Considering that the vast majority of people do not manifest severe symptoms with COVID-19, it is important to bear in mind that the following therapeutic strategies are for patients who are at a high risk of complications from COVID-19. So far, the following risk factors have been validated to confer a higher risk of COVID-19 related mortality – chronic diabetes mellitus, heart failure, hypertension, chronic obstructive pulmonary disease, and obesity (Li et al., 2020b). These patients with severe COVID-19 disease are typically admitted into specialized wards for continuous monitoring. These specialized wards include the high-dependency unit (HDU) and intensive care unit (ICU) where sophisticated equipment is utilized to conduct this monitoring. Physiological parameters such as the patient’s blood pressure, heart rate, respiratory rate, lung function, and oxygenation status are monitored so that clinicians can adjust the supportive therapy to maintain the body’s vital organ functions. Supportive therapy includes the administration of fluids to keep patients hydrated when they are unable to eat, using a ventilator to help their lungs function when they are failing, and administering potent drugs to maintain their blood pressure within a healthy range.
Most people who are young (<55 years old) and healthy have competent immune systems which can clear the virus; the median time from the onset of symptoms to the first negative COVID-19 swab test is 9.5 (6.0 – 11.0) days (Ling et al., 2020). For people without any symptoms, the clearance rate is challenging to establish because there is no clearly defined starting point (as they have no symptoms). However, it is unlikely to be longer than three weeks. Currently, a vaccine to prevent COVID-19 infection is being researched by several independent teams worldwide but is unlikely to be commercialized until mid-to-late 2021. Two anti-viral drugs – remdesivir and lopinavir-ritonavir are being trialed as potential therapeutic options in COVID-19 patients with severe disease, but preliminary data are not conclusive as regards their efficacy and safety (Al-Tawfiq et al., 2020, Cao et al., 2020). In view of the limited therapeutic options for severe disease, and an obese and aging population in the USA, the public is strongly recommended to exercise social distancing and self-isolating measures until this pandemic has tided over.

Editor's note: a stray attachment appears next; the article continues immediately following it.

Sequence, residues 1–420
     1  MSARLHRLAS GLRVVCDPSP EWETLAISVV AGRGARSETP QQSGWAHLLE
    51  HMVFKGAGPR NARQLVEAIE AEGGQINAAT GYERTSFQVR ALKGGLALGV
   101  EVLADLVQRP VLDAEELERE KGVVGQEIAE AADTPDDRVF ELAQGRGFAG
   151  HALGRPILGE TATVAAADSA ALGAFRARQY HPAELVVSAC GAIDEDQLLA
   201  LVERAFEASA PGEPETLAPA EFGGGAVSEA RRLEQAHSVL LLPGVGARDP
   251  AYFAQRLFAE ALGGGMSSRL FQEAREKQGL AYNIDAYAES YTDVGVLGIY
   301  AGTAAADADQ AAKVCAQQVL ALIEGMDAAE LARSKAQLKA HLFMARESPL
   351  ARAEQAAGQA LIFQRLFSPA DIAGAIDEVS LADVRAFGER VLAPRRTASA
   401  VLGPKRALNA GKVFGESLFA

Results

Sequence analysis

The COVID-19 pandemic is unlikely to recede in severity for the next few months; daily incidence reports suggest an increasing trend in detected cases worldwide, especially in densely populated cities. While most young and healthy people will not suffer complications from a COVID-19 infection, several adults are at risk of severe disease because of co-existing medical conditions. Treatment today is generally supportive, and no specific anti-viral drug has been validated to be safe and effective. Keep up to date with ever-changing COVID-19 statistics here.
Al-Tawfiq, J. A., Al-Homoud, A. H. and Memish, Z. A. (2020) ‘Remdesivir as a possible therapeutic option for the COVID-19’, Travel Med Infect Dis, pp. 101615.
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Li, H., Liu, S.-M., Yu, X.-H., Tang, S.-L. and Tang, C.-K. (2020a) ‘Coronavirus disease 2019 (COVID-19): current status and future perspectives’, International Journal of antimicrobial agents, pp. 105951-105951.
Li, X., Xu, S., Yu, M., Wang, K., Tao, Y., Zhou, Y., Shi, J., Zhou, M., Wu, B., Yang, Z., Zhang, C., Yue, J., Zhang, Z., Renz, H., Liu, X., Xie, J., Xie, M. and Zhao, J. (2020b) ‘Risk factors for severity and mortality in adult COVID-19 inpatients in Wuhan’, J Allergy Clin Immunol.
Ling, Y., Xu, S. B., Lin, Y. X., Tian, D., Zhu, Z. Q., Dai, F. H., Wu, F., Song, Z. G., Huang, W., Chen, J., Hu, B. J., Wang, S., Mao, E. Q., Zhu, L., Zhang, W. H. and Lu, H. Z. (2020) ‘Persistence and clearance of viral RNA in 2019 novel coronavirus disease rehabilitation patients’, Chin Med J (Engl).